Making the case for more and better public investment in children in Europe
Better data is needed to make sure allocated funding and the right interventions go where it is most needed.
Watch the video message from Eurochild President H.E. Marie-Louise Coleiro Preca for the conference "Growing Up In Digital Europe: evidence for child wellbeing policy-making across Europe".
This conference held in Florence on 23 October by GUIDE, UNICEF and COORDINATE, includes presentations from key policy makers, NGOs and scientists from across Europe in the fields of child wellbeing and data infrastructures. It focuses on child wellbeing and the importance of longitudinal data.
"We need to work together the European Union, national governments and civil society society organisations. Then we also need research for an evidence-based approach to ensure targeted policy development and then the practical implementation of whatever is needed. There is also the need for a triangular approach to participation whereby children, families and communities are necessary to be involved.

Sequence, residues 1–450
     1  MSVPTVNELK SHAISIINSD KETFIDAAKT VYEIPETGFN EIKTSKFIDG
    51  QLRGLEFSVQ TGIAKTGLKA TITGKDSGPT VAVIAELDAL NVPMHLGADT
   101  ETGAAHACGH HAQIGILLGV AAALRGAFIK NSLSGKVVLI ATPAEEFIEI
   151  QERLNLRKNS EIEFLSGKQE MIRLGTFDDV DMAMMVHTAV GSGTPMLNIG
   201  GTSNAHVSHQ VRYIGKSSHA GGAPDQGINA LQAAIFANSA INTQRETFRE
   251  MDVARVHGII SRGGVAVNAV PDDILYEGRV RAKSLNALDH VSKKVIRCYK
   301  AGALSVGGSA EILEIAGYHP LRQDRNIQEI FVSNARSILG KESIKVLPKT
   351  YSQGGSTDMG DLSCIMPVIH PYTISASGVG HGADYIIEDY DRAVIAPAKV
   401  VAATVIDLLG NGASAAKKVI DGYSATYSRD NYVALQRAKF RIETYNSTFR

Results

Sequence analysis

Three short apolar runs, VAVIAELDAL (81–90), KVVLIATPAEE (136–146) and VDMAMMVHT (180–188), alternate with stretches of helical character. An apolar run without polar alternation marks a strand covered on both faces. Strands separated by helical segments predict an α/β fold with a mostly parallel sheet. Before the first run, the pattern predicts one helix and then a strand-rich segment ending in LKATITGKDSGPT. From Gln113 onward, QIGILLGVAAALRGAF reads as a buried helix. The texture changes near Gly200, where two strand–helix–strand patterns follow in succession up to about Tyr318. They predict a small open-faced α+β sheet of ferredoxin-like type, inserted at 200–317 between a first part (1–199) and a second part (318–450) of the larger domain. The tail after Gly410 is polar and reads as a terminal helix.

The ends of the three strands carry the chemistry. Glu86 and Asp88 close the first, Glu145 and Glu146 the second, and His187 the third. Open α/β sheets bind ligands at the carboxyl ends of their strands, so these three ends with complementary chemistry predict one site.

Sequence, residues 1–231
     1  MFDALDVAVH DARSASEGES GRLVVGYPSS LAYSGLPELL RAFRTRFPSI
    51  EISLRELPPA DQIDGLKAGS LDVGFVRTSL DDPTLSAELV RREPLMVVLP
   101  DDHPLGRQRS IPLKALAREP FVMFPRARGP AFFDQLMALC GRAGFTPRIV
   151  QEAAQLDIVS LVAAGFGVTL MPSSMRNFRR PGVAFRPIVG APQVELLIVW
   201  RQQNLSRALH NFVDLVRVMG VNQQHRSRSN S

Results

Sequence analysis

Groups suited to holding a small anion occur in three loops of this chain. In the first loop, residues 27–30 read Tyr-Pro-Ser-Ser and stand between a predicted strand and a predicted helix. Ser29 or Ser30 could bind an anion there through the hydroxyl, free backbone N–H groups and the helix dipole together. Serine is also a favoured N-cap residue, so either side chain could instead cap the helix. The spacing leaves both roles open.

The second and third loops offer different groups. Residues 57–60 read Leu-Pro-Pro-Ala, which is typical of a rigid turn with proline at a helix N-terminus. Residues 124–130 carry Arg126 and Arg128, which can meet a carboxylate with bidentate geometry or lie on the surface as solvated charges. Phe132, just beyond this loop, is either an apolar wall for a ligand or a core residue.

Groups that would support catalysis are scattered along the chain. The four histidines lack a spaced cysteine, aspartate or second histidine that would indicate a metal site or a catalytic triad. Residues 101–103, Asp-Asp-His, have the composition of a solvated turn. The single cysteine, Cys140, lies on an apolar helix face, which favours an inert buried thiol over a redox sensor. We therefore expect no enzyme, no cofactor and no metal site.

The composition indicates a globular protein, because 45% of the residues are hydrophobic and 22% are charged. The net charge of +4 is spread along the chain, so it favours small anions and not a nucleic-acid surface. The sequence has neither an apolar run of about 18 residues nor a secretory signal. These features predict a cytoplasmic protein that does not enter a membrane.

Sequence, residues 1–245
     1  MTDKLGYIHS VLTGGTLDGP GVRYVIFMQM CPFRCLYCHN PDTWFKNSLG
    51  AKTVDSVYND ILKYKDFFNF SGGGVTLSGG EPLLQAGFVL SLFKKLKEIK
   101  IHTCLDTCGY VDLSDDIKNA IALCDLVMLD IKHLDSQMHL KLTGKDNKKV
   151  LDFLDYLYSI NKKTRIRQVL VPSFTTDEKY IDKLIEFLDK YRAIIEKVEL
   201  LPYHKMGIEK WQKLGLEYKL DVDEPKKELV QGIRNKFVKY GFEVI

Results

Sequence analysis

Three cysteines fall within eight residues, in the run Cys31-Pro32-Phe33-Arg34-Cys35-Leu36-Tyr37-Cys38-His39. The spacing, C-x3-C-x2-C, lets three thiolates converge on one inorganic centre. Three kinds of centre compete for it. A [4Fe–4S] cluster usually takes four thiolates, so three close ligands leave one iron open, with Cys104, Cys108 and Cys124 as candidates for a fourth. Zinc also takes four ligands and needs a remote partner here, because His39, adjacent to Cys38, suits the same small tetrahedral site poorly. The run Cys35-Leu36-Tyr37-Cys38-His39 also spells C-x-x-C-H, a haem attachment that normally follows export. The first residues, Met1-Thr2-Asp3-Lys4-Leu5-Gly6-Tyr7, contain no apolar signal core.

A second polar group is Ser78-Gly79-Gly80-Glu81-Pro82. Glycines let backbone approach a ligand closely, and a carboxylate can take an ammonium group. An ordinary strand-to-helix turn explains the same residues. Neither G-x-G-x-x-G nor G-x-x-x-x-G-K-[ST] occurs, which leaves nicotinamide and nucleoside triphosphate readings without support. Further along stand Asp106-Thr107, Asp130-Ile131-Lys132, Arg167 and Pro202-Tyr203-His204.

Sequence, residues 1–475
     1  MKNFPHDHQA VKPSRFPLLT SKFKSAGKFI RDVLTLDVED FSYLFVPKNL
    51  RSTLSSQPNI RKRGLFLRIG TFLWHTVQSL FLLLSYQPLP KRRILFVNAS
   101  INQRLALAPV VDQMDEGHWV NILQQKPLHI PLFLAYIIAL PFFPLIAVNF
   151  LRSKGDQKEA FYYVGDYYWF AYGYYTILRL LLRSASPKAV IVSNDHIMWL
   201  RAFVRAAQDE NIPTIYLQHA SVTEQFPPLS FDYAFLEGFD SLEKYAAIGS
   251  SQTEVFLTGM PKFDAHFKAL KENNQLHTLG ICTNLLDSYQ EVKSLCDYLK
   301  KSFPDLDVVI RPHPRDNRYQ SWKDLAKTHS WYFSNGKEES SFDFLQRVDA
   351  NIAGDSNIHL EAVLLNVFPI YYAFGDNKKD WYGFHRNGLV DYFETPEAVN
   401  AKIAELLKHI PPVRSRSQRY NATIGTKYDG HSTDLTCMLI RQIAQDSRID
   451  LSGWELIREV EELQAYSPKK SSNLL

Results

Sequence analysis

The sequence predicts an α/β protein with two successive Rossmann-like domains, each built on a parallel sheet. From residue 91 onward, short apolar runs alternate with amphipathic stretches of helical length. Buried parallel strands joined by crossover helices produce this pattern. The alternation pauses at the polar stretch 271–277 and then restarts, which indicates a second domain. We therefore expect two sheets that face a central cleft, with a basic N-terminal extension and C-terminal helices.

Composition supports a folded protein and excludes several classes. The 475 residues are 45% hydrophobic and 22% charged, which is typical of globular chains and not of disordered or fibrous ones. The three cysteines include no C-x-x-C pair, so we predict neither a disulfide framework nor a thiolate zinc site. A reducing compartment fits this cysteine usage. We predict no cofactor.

Comprehensive and comparable data is necessary at the country and European level to inform policy and public spending or rather public investment in children. We need to make the case for improved data focusing on children below the age of 18. Building on wellbeing comparisons and policy work in Europe, we need to strengthen nationally collected statistics with academic rigour and skill at contextualization, which in turn will lead to more informed policymaking." - said H.E. Marie-Louise Coleiro Preca.
The Eurochild President highlighted 4 main issues in her speech:
- The situation for children in the EU (the current worrying trends - growth of family homelessness, ever-rising figures related to children’s mental health, lack of suitable and quality options for early childhood education and care & for children in alternative care)
- How the EU can be an influencer of change at national level (for example with the EU funds, the Child Guarantee and other initiatives)
- What makes national governments act (civil society pressure, EU's support to civil soceity advocacy, good longitudinal data as key for contextualising statistical data available through Eurostat and national statistic authorities.)
- The need for a stronger (& more effectively applied) evidence base